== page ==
Acclaimed Nigerian novelist recently joined The Africa Report to talk about politics, ethnicity and her position as one of Nigeria’s most famous women.
Adichie whose work has been translated into over 30 languages has achieved the kind of global fame many can only dream of, but despite being one of the most respected writers of her generation, the literary sweetheart has managed to maintain a humble profile.
Adichie who shuttles between her homes in Lagos and the United States still manages to visit her hometown and village in Anambra State regularly.
The 42-year-old mom calls herself “a happy village girl”. She said: “I am going to be a very happy village girl. It’s home, it has many problems but it’s home. There is a saying I like: your mother is your mother even if one of her legs is broken.”
Responding to the question about why she has refused to become a full US citizen, Adichie said:
“For a long time, I didn’t want to become a US citizen because I believed that part of the experience of being Nigerian is experiencing the humiliations of travelling on a Nigerian passport.”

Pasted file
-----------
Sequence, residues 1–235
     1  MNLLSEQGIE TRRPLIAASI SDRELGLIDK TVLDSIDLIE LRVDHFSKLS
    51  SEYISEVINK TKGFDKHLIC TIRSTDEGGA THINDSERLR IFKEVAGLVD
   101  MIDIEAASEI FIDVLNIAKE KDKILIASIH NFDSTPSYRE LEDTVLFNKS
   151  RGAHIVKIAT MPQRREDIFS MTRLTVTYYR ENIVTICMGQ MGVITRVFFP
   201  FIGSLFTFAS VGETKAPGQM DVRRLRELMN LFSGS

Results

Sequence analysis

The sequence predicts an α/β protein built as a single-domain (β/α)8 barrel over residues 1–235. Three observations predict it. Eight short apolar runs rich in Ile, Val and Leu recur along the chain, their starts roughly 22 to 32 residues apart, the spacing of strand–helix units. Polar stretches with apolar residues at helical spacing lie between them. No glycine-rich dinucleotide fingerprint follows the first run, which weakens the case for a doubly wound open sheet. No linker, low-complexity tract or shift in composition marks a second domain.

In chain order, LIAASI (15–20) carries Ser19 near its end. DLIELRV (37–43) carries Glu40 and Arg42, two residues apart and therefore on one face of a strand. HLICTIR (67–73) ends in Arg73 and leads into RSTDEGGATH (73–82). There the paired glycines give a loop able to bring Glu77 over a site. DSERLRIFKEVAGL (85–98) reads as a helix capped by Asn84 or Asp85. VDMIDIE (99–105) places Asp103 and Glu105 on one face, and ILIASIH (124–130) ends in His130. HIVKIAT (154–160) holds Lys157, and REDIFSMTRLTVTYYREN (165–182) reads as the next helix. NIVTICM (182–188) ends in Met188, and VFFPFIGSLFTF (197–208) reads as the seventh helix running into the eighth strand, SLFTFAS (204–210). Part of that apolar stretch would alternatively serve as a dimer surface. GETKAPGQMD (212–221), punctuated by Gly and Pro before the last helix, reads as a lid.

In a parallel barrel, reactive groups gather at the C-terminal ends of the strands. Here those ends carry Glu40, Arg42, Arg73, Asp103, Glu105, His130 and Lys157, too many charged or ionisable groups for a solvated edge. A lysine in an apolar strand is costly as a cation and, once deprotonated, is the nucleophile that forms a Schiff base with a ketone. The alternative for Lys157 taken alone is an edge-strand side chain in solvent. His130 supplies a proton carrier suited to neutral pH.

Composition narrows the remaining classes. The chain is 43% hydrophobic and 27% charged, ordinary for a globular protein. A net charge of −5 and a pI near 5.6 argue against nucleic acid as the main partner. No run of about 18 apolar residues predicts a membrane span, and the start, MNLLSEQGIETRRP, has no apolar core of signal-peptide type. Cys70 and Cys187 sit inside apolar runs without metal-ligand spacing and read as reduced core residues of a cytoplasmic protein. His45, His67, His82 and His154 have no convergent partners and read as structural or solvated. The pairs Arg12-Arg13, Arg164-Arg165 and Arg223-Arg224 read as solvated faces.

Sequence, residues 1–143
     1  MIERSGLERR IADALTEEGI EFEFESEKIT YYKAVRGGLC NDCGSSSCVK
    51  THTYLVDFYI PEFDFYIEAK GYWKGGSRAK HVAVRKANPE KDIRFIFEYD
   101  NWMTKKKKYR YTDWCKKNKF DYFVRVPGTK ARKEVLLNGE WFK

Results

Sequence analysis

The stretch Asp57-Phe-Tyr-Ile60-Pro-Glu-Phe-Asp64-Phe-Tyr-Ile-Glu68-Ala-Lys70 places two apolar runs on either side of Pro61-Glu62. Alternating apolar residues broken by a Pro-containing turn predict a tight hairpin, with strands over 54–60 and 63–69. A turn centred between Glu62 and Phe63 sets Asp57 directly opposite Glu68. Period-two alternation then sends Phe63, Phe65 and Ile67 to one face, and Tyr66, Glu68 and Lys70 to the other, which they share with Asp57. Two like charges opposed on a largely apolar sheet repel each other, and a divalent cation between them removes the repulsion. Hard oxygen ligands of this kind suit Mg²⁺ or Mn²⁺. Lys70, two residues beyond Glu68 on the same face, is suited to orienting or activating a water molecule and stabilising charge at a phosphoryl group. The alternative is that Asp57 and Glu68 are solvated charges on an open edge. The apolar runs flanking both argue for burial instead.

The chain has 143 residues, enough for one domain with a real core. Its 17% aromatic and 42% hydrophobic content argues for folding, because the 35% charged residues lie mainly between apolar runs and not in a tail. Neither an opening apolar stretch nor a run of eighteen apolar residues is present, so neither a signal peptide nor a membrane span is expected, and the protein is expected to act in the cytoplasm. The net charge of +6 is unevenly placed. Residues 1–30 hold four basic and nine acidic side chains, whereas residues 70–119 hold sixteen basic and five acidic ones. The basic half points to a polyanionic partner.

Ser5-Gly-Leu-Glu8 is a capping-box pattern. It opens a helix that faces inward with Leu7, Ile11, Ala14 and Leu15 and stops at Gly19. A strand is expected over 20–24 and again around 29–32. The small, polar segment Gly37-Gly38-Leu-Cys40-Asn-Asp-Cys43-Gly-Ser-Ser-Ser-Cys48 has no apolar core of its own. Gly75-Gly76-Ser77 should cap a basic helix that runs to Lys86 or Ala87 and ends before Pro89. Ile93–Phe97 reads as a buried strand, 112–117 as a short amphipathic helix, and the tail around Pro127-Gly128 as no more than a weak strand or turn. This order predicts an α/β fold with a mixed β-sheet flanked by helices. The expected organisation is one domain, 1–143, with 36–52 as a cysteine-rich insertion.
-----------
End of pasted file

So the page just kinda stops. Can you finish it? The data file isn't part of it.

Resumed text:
The writer of the critically acclaimed novel “Americanah” which is currently being adapted into an HBO miniseries said she changed her mind about US citizenship after her father was kidnapped.
“But I changed my mind about US citizenship after my father was kidnapped in 2015 and it was the American embassy in Lagos and not the Nigerian government who helped my family, and even sent a therapist to my father after he was released. I now plan to become an American citizen at some point, but I guess I’m still delaying it.”
Adichie also said she doesn’t consider herself an ambassador for Nigeria.
“I am an ambassador for myself. I don’t represent Nigeria; there are things about Nigeria I don’t like, but at the same time I am very very proud of my Nigerian identity.”